- This is very fundamental because climate justice and debt justice go hand in hand. They reinforce each other, there is no one without the other.
- To illustrate the vicious circle between climate and debt, according to an AAUSA report, 93 per cent of the 63 countries considered most vulnerable to the climate crisis are either in debt distress or significantly at risk of debt distress. Paying already more than 12 per cent of their income in debt service, which is paid in foreign currencies, make countries commodity dependent and is usually taken, among other, from public services. This is incompatible with not only a tax justice transition but a feminist just transition.
- Governance of climate finance decision making: It does not propose a reform in governance at the MDBs or IMF, which is undemocratic and stuck in a colonial mindset. For instance, the gentleman’s agreement: no gender, no equity, no democratic ownership, and neocolonial.
The climate disasters only in 2022 almost costed as much as the total official amount of climate finance provided. From a climate justice point of view, even while Bridgetown proposes for example reconstruction funds to deal with Loss and Damage, the suggestion is to include natural disaster clauses in all debt instruments, but only for two years. There is no comprehensive debt cancellation, including by shifting the power on debt workout from the IMF to a UN-based sovereign debt restructure mechanism. World Bank and MDBs need to play a bigger role in debt relief. The Bank has not participated in debt relief, using its creditor preferred status and under the argument to retain its AAA creditor status.
The role of the BWIs in providing policy advice and conditions has become problematic, and this is not reduced in Bridgetown, at least in the initial version. Even in climate, with the increased role the IMF has taken in climate under the RST. It does not address the role of the IMF as a lender of last resort and its work in reinforcing debt repayments (undermining social protection, and the dismantling of public services provision)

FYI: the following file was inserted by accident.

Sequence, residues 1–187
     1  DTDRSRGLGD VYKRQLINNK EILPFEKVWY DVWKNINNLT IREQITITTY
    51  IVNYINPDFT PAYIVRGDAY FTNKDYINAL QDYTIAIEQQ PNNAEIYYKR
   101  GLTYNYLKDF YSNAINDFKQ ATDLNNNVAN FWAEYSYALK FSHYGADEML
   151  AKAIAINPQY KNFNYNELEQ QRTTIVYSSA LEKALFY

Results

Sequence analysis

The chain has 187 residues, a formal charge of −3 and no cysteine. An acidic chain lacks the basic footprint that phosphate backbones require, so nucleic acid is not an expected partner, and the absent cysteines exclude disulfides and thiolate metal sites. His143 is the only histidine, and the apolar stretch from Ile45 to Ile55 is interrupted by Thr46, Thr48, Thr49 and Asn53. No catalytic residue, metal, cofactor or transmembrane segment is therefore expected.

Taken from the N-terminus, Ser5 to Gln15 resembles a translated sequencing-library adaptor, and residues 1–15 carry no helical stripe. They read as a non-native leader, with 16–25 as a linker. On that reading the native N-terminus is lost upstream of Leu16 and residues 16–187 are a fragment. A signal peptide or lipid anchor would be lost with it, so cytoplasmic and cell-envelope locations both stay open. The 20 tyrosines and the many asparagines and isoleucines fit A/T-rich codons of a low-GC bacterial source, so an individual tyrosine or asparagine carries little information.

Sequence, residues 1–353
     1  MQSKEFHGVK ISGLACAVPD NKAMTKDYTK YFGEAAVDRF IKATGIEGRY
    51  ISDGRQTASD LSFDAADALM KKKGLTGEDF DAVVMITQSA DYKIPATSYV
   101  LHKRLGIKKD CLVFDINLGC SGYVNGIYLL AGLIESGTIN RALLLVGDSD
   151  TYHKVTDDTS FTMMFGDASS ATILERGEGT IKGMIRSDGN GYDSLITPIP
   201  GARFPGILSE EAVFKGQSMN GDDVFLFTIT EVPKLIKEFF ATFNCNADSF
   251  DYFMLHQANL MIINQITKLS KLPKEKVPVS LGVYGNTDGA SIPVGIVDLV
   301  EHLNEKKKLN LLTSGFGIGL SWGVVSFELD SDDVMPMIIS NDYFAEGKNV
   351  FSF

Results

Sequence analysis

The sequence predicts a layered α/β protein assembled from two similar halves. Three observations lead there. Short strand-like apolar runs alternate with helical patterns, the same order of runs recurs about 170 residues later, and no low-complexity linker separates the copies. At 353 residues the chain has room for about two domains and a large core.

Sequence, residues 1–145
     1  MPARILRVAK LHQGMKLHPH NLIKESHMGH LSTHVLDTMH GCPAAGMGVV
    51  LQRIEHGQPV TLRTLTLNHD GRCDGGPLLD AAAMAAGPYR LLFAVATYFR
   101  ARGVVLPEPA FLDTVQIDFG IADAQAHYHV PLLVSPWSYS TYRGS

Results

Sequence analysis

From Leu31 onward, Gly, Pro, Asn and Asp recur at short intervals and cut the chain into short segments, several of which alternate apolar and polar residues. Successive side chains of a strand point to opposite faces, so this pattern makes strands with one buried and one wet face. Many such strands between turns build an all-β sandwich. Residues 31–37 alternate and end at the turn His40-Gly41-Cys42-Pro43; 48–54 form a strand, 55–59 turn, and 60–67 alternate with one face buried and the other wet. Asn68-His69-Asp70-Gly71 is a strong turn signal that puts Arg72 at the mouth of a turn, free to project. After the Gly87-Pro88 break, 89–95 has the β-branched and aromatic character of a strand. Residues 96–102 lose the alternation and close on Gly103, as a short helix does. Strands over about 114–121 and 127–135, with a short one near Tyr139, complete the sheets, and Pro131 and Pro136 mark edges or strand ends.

Example: Pakistan and CSOs have put a letter forward to the IMF executive board released this past week, detailing the detrimental impact of the 9th ongoing review of Pakistan’s EFF program. And the importance of this on the country effort to move forward with climate adaptation and energy transition due to the conditionalities imposed by the IMF in its lending program. Choose clear failure on integrating Pakistan efforts in climate adaptation in the country’s DSA.
Regarding the Loss and Damage fund: After COP27 CSOs have been calling for a new Loss and Damage fund. Given the failure of IFIs to provide climate finance, CSOs have been calling for a new Loss and damage Fund that is guided by the core climate finance principles, where developed countries provide their own fair shares and with a governance structure that is equitable and puts developing countries and communities at the table. That fund should be central to the emerging global Loss and Damage agenda, and that is not compatible or equitable to place Loss and Damage funding as a “climate donor fund” how it has been at the Bank or related to the IMF.
Niranjali – Question to Bhumika: could you take a few steps back and give us a big picture perspective of what’s happening and why this is a pivotal moment in the development and global finance discourse?